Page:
America’s War on Poverty has been an abject failure. Nearly $12 trillion and 60 years later, official poverty rates remain basically unchanged. While the nation waged a well-intentioned assault on poverty, it inadvertently launched a far more sinister war: on dignity. While attempting to eradicate poverty, America created countless government welfare programs. In doing so,...View Report
Former Illinois House Speaker Mike Madigan’s former chief of staff and confidant was found guilty of perjury. His conviction is a reminder Springfield has a long way to go on ethics reform.
Tim Mapes, former chief of staff to ousted Illinois House Speaker Michael Madigan, was convicted on perjury and obstruction of justice charges.
Officials at the General Assembly Retirement System suspended Michael McClain’s legislative pension after he was convicted on nine counts of bribery in the ‘ComEd Four’ trial. Precedent suggests it may not be permanent.
The four top lobbyists and executives at the state’s largest electric utility were convicted May 2 for their involvement in a multi-year scheme to funnel $1.3 million in jobs, contracts and payments to sway the former Illinois House Speaker.
The ComEd 4 corruption trial proves concentrated power breeds corruption. The fix? Reform the rules former Illinois House Speaker Mike Madigan crafted to concentrate all that power.
The Illinois House has rolled back reforms made to its House Rules that govern how it conducts business in the wake of the Madigan Com-Ed scandal. New boss, same as the old boss?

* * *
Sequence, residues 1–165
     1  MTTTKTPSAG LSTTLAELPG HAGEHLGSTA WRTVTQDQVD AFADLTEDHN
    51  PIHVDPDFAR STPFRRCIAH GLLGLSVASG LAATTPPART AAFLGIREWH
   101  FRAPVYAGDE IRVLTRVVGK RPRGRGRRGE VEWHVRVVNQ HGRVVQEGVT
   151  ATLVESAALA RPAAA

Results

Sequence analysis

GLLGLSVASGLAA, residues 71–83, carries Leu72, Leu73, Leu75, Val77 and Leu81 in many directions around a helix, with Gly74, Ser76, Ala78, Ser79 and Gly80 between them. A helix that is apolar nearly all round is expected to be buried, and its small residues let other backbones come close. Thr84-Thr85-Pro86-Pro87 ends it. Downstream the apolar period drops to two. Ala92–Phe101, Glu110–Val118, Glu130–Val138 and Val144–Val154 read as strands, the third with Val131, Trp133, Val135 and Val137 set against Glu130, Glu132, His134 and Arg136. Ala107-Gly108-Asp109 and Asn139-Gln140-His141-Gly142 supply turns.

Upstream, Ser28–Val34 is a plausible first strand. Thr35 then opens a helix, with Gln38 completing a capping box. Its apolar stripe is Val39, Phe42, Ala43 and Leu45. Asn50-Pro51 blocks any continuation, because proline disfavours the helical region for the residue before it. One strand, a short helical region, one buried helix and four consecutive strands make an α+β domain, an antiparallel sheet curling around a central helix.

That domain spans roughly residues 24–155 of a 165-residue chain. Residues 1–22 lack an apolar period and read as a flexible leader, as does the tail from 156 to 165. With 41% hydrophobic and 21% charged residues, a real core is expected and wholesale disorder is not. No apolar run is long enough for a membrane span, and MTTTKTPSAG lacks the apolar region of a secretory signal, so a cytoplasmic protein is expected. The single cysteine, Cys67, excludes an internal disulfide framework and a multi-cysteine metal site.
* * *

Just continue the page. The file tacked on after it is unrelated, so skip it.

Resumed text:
Now that the 103rd Illinois General Assembly is sworn in, an early order of business will be to establish the rules of the chambers. Those rules need more reform to ensure another Mike Madigan doesn’t gather too much power.
Former Illinois House Speaker Michael Madigan and his co-defendant, Michael McClain, denied all corruption accusations brought against them. Federal prosecutors said Madigan used his position to run a criminal enterprise.
Michael Madigan, former Illinois House speaker, and his longtime political ally and operative will enter pleas in federal court Nov. 1. They are charged with coercing bribes from AT&T in return for passing favorable legislation in Springfield.
AT&T Illinois will pay a $23 million fine for illegally influencing former Illinois House Speaker Michael Madigan. Their former president, Paul La Schiazza, faces conspiracy charges.